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Top 33 questions to ask at the end of a job interview

Rédigé par Agence Carrières

“Do you have any questions?”

This question consistently comes up at the end of every interview. But why? Generally, it serves two opposing purposes. On the one hand, it’s a time for the recruiter to find out if you’re interested in the company and if you’re motivated to work for them. On the other hand, it is a time for you to learn as much as possible about the company and make an informed choice. The goal is not just to find a job. It’s about finding a company where you feel good, where you’re well paid and where you thrive. So don’t be afraid to ask your questions.

What questions should you ask when it’s your turn to interview the recruiter? First of all, there are certain topics you should avoid unless the recruiter opens the door for you, such as salary, benefits, and any questions that are too focused on the benefits you might get from the company. You don’t want the recruiter to think you’re only interested in the money. Of course, it’s important to address these aspects, but it’s best to do so in the second interview.

Now that you know what not to ask, at least not right away, here are the top 33 questions to ask at the end of an interview. Keep in mind that it is recommended that you only ask 3-5 of these questions. If you want to have more impact, personalize your topics. Use the information you learned during the interview to tailor your questions. This way, not only will you sound more genuine and interested in the position, but you won’t sound like a robot who has memorized their questions.

Questions about your future position

1. What are the main responsibilities of this position?
2. What are the opportunities for growth in this position?
3. What are the greatest challenges of this position?
4. What is the most important quality for this position?
5. What are your expectations of me in this role?
6. What is the most important thing I need to accomplish in the first 90 days?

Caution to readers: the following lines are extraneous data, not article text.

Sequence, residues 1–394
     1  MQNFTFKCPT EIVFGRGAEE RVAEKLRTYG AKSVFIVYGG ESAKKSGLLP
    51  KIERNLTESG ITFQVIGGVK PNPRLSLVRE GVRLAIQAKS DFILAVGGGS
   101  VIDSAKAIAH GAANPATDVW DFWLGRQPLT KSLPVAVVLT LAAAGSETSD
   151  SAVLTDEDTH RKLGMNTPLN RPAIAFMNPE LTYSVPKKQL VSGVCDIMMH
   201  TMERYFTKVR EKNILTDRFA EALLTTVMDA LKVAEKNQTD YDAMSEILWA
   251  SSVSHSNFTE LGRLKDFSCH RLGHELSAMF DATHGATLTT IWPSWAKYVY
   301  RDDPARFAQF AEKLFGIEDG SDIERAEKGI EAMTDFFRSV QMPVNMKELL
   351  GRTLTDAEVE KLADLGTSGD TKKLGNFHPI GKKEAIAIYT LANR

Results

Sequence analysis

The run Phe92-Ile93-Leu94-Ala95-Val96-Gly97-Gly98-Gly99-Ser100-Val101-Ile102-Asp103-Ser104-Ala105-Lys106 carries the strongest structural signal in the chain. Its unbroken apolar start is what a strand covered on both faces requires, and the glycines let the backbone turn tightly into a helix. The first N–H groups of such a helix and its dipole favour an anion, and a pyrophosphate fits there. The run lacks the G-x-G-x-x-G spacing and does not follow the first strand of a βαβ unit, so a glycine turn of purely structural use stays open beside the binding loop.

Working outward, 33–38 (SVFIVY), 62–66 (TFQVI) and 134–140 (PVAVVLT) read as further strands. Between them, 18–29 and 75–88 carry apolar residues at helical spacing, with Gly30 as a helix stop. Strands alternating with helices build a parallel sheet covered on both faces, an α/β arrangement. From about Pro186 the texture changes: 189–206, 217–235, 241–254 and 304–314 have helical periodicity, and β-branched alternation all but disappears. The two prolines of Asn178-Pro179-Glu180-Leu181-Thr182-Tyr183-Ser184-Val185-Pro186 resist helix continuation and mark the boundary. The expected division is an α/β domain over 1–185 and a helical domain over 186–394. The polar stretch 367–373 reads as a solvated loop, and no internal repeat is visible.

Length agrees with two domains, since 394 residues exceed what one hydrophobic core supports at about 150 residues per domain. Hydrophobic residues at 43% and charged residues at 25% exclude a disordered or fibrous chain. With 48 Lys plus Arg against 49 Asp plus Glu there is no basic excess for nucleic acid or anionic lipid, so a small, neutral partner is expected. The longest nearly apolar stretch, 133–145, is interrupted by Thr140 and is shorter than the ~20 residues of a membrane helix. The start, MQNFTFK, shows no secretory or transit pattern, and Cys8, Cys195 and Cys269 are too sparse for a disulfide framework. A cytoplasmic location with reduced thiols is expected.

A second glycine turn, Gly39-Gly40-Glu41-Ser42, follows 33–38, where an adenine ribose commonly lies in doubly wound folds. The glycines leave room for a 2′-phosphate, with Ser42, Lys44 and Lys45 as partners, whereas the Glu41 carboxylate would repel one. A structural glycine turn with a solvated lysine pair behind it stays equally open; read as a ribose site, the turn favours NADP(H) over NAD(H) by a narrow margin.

7. What are some mistakes people have made in this position?
8. What is a typical day like in this position?
9. How would you describe the ideal employee?
10. Is this a new position?
11. What has made previous employees successful in this position?

Questions about the company

1. What are the company’s current objectives?
2. What are the company’s values?
3. What is the company’s management style?
4. How has the company evolved in recent years?
5. How is success measured in this company?
6. What does your onboarding process look like?
7. What aspect of working here is least appreciated?
8. How fast is the company growing?
9. How would you describe the culture of the company?

Questions about the team

1. What aspects do employees like most about working here?
2. How many people work in this office/department?
3. Can you tell me more about the team I will be working with?
4. Who will I be working with most closely?
5. Who will be my primary supervisor?
6. What skills are missing from your current team that you want to obtain through a new hire?
7. Do you plan to hire more people in this department in the next year?

Questions to ask about the recruiter

1. What are you most passionate about in the future of the company?
2. What is your favorite thing about working here?
3. How long have you been with the company?
4. How is working here different from what you have experienced elsewhere?

 Questions to ask about what happens next

1. Is there anything I can clarify for you about my qualifications?
2. What are the next steps in the hiring process?

Remember, a job interview is nothing more than a conversation between two people. The recruiter is there to determine if you are the right candidate for their open position and you are there to determine if you want to work for their company. To help you make your choice, we suggest that you write down a few key questions to ask the recruiter in your cell phone. Then read them again before you go to your interview.

You must respect the time allotted for your interview. If you find that you only have a few minutes left, focus only on the questions that you feel are most important to ask. You will always have more time to ask other questions during the second interview and your hiring.

On your marks, get set, ask your questions!

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